‘Garbage Mahal’ built to solve bear problem | SteamboatToday.com

‘Garbage Mahal’ built to solve bear problem

Homeowners at the Steamboat Ridge Townhomes spent $70,000 to construct a building for their trash and recycling.
courtesy/ Andrea Sponseller

— A group of Steamboat Springs homeowners have made a $70,000 investment to ensure bears do not get into their trash.

Steamboat Ridge Townhomes homeowners association President Brian Harvey said they knew they had a problem.

For years, their trash and recycling dumpsters were located on a road connecting to a trail that leads along a drainage to another neighborhood.

Bears travel along drainages, and wildlife would routinely get into the dumpsters and spread trash everywhere.

“The dumpsters were just there on the side of the road,” Harvey said. “The bears and wildlife just spread trash all over the place.”

It also was an eyesore.

“It looked kind of trashy — no pun intended,” Harvey said.

The dumpsters also were routinely being used by people who did not live in the townhomes.

“We were paying for a lot of people to recycle and throw out their trash,” Harvey said.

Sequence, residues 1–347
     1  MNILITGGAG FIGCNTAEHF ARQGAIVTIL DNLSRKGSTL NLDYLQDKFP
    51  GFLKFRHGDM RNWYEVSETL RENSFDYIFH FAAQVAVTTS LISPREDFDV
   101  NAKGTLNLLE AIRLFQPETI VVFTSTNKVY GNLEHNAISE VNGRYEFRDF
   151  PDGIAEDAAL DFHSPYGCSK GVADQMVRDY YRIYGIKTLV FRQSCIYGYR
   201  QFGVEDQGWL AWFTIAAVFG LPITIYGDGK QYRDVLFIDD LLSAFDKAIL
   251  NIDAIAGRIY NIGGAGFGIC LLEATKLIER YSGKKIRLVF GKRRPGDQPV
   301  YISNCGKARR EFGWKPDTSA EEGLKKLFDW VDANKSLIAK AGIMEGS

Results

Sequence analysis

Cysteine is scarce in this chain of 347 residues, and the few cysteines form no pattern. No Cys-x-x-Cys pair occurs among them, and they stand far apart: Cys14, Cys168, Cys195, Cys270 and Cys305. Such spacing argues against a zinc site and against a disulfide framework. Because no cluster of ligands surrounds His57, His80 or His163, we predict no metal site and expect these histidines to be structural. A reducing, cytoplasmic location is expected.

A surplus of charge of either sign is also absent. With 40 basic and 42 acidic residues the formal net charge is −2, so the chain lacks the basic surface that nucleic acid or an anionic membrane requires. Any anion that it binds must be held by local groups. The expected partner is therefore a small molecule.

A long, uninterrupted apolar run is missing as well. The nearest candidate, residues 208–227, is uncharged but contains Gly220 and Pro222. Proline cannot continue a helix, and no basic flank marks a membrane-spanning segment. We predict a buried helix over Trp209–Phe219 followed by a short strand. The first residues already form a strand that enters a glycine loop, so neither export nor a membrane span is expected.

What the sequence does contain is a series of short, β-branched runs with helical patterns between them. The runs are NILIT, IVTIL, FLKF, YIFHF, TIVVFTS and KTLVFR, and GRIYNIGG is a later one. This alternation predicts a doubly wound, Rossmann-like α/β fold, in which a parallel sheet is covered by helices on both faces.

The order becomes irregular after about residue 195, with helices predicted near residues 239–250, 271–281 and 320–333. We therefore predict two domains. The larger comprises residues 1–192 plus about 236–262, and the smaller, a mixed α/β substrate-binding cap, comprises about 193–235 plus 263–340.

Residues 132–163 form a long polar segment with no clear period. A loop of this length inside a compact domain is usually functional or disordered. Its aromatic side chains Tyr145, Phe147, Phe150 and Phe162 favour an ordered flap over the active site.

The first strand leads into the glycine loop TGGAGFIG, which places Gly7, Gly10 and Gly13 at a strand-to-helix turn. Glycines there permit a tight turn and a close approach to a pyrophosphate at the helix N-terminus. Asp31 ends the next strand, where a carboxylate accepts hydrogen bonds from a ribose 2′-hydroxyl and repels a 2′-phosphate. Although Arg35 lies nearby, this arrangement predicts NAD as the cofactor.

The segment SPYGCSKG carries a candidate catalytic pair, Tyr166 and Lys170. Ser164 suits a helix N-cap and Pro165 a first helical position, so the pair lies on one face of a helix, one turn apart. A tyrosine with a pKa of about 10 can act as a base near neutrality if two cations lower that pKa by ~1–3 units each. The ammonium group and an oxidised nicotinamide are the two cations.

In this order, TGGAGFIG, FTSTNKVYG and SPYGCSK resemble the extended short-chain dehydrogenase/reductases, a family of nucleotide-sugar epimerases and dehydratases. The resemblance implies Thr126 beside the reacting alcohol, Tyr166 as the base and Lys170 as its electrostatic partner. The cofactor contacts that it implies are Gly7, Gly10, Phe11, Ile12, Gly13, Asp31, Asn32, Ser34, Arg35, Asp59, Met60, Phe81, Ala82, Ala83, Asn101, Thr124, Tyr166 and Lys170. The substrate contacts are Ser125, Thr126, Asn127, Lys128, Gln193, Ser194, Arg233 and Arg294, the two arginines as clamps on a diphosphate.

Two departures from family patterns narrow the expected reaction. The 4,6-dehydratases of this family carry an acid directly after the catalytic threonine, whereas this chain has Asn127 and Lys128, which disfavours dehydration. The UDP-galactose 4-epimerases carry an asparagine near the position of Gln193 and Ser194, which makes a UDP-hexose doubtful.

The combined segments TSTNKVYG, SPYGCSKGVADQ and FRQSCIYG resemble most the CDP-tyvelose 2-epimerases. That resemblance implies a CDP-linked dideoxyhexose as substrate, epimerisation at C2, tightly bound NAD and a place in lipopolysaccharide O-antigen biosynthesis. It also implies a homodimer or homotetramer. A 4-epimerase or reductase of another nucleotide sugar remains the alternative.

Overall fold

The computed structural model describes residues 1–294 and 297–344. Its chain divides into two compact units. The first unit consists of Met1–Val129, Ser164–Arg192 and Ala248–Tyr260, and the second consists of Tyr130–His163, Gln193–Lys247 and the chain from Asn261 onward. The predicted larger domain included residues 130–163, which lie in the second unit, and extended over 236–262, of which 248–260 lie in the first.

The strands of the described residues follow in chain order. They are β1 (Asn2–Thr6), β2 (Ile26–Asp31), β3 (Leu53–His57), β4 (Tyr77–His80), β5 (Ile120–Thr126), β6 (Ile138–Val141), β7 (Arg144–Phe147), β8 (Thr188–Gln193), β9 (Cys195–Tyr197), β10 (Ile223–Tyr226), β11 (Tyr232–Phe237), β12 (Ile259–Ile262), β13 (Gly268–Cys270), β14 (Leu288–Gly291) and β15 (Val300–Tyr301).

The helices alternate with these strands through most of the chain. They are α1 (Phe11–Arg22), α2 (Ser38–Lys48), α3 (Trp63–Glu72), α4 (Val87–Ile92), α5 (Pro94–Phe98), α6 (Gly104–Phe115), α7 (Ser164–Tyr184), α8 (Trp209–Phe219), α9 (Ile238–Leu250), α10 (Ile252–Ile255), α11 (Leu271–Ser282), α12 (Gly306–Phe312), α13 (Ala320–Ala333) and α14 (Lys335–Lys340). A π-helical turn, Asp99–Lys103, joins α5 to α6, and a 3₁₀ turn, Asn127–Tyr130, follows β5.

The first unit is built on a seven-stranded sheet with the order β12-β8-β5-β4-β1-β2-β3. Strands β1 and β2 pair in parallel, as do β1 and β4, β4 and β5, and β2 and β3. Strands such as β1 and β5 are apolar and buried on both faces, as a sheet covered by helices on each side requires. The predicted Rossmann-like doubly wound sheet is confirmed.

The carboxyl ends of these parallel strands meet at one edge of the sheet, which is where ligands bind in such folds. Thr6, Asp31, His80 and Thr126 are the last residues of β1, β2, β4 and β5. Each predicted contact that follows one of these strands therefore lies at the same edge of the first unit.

Three years ago, some owners suggested something be done.

They began putting money away, and a light snow year during the 2014-15 season meant they did not spend as much as expected on snowplowing.

This fall, Rob Van Deren, with Colorado Home Solutions, began construction on what Harvey refers to as the “Garbage Mahal.”

“We did it right,” Harvey said.

A concrete slab was poured, electricity was run and the structure — designed by Steamboat Engineering & Architectural Design — began to take shape.

The structure features two garage bays for recycling and trash. There is also room for storage, and Harvey said they are working on a plan with Twin Enviro to haul away compostable materials in the future.

“I think that will make us the most green HOA in town,” Harvey said.

Residents punch in a code to open the garage doors.

“It was a sizable investment, but it was definitely something that the homeowners wanted,” Harvey said.

Colorado Parks and Wildlife officer Andrea Sponseller said the project is one of several that serve as examples of residents and businesses doing something to address the problem of bears getting into trash.

“It shows a lot of initiative, and it’s great to see these dumpster buildings going up in the community,” she said.

The Selbe Apartments used to endure regular bear problems, but those were eliminated after a trash enclosure was built. The Ranch at Steamboat installed bear-proof trash cans outside all their buildings.

To reach Matt Stensland, call 970-871-4247, email mstensland@SteamboatToday.com or follow him on Twitter @SBTStensland

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